Uncover inefficiencies in your process
This is where I begin. In fact, it was analysing the inefficiencies of legal communication and knowledge sharing that led me to create Foxwordy, the digital collaboration platform for lawyers. I noticed that attorneys in our clients’ legal departments were drafting new documents from scratch when they could pool their knowledge and save time by using language that a trusted colleague had employed in a similar document. Business is all about process. When you create a new process, or enhance an existing process, you will drive cost efficiency.
Refine your process, then automate
If existing processes are lacking, it is time to create process. If you have processes, but they are not driving efficiency, it’s time to redefine your process. Either way, a key second step is refining processes that are needed in your business. Only then can you go to automation, since automating without a process will result in chaos — and won’t save time or money. Similarly, automating a poor process is not going to give you the cost-saving results you are looking for.
Thanks to the Cloud, there are very accessible means of automating manual processes. For instance, you can automate bookkeeping functions with FreshBooks and use chatbots to interface with clients — for very basic information. If you’re a retailer, a chatbot on your site can explain your return policy or address other frequently asked questions. Automating such processes allows you to spend more time focusing on clients and customers. Technology alone isn’t a panacea for all business functions, but if you find something you’re doing manually that can be automated, take a look and consider how much time and process definition automation would save you.
Rethink your outreach
Marketing and outreach are usually big and important challenges for an organisation. In my experience, there are two main components to successful marketing — knowing your customers and using the most effective media to spread your message. For the first part, I recommend polling. There are various online survey services that offer an instant read on what your customers are thinking. You may think business is humming along, but a survey could reveal that while consumers like your product, a few tweaks would make it even better.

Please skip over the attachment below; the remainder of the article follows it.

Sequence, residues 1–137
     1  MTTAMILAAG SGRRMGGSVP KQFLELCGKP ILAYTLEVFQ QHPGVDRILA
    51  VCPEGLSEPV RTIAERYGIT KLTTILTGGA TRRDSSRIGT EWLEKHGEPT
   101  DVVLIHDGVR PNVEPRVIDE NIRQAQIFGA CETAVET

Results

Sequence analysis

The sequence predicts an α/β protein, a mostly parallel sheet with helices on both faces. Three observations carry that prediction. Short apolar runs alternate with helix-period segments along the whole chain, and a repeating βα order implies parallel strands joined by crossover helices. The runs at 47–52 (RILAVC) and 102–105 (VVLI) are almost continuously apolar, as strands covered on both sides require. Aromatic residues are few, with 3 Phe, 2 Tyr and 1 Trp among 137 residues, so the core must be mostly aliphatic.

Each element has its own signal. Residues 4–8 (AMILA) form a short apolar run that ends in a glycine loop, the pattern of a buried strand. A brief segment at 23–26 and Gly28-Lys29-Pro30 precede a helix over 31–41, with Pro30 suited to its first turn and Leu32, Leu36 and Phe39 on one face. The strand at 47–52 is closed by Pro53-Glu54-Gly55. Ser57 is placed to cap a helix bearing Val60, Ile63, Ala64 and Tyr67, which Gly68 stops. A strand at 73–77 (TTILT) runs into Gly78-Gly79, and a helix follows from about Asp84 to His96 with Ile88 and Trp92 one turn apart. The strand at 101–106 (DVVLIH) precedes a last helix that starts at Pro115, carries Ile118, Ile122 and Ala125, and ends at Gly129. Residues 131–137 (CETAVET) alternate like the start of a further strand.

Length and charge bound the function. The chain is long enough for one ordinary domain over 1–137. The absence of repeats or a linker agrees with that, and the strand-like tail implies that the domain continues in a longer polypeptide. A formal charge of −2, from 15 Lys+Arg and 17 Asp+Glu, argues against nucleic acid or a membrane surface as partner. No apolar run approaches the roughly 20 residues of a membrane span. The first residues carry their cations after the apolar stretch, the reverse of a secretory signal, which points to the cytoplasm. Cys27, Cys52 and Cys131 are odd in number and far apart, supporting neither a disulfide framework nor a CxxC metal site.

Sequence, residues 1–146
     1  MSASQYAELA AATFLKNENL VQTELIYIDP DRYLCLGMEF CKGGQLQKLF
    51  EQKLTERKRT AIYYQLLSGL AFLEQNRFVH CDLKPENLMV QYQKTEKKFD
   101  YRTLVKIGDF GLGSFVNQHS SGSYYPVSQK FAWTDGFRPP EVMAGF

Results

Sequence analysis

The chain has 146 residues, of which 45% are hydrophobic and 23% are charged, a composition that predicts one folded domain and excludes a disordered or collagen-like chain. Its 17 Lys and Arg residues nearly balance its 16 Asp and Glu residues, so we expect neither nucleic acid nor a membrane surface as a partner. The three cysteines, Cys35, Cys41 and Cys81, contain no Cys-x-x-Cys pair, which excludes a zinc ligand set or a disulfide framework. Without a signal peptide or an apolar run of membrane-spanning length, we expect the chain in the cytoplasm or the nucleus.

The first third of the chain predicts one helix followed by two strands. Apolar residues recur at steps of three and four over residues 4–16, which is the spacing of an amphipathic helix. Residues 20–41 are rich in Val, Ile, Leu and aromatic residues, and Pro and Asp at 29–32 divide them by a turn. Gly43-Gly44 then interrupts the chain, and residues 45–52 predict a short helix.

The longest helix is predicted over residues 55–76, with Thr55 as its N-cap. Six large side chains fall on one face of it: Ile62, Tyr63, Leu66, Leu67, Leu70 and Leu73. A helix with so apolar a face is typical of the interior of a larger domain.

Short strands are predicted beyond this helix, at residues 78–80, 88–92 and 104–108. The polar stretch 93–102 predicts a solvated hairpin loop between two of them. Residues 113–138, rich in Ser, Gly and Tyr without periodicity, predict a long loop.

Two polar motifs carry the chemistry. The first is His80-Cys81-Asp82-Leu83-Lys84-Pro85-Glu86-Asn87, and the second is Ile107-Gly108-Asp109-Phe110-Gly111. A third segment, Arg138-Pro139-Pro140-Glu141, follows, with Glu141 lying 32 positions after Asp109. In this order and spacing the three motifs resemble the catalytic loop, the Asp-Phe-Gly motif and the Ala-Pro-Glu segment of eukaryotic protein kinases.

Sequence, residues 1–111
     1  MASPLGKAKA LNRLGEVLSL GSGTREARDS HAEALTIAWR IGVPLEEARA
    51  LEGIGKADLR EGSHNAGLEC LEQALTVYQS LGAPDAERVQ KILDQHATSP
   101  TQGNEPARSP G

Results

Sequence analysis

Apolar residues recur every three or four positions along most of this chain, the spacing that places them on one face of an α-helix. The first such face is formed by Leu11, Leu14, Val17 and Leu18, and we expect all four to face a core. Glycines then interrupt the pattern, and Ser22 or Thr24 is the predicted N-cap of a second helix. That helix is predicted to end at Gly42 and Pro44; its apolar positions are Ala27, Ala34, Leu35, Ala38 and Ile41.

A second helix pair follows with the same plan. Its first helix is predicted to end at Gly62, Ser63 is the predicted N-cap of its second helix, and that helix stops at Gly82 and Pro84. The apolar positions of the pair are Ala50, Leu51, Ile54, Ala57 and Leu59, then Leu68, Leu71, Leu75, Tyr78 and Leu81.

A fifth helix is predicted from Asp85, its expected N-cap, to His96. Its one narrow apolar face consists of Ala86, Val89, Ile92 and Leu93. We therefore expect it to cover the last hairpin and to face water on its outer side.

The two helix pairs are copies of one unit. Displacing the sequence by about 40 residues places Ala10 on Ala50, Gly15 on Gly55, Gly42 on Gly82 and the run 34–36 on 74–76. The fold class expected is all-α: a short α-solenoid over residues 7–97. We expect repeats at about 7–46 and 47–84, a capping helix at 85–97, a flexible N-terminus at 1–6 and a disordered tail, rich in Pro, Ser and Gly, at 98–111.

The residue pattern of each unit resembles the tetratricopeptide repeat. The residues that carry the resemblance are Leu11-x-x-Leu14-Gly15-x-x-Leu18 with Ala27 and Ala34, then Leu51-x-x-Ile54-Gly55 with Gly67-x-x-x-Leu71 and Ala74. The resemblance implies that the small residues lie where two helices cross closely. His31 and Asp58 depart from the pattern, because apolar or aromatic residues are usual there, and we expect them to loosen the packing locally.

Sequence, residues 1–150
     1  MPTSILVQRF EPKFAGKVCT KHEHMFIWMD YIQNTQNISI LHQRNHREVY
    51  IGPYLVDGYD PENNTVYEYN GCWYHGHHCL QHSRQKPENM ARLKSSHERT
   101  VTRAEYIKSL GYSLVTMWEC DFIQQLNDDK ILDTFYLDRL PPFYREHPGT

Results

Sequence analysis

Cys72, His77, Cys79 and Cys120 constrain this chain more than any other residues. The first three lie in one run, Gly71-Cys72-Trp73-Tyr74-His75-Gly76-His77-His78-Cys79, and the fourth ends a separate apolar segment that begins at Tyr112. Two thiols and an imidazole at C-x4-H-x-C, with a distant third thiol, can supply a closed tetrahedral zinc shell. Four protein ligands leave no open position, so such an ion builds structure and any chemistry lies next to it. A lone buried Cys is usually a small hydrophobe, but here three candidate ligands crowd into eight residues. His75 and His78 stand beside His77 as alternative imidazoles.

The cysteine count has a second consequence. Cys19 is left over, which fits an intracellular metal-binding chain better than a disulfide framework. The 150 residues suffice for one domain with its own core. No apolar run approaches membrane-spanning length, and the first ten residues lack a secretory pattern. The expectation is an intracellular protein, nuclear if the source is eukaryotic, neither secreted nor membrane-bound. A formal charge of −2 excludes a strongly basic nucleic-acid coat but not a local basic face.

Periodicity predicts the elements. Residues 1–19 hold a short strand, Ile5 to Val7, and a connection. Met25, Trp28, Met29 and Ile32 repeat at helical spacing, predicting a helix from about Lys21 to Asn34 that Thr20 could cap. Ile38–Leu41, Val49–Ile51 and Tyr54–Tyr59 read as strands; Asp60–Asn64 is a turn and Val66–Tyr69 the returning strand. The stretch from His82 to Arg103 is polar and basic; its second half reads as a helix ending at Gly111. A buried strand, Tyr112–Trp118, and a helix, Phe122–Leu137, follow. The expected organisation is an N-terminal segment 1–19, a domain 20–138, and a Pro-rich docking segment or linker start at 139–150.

For the second part — marketing messaging — once you have a firm idea of your marketing messaging, Facebook is a great vehicle for outreach. The ability to granularly target customers and create Lookalike audiences (from around 1 000 consumers) can help grow your business.
Scrutinise your spend history
There are tools that can help you assess spend history and find cost-cutting opportunities. For example, you might be able to take advantage of rewards or loyalty programmes to reduce common business expenses, like travel, or consolidate vendors for a similar function. If you have a long-standing relationship with a vendor, negotiate better pricing.
The most important elements to keep in mind are resources that make your company special. Your company may be built on one person’s reputation and expertise. Guard against tarnishing that reputation with inappropriate messaging in advertising or social media. If your company’s special sauce is intellectual property, protect that too. But everything else — ranging from physical property to salary and benefits — are costs and should be considered negotiable. — Monica Zent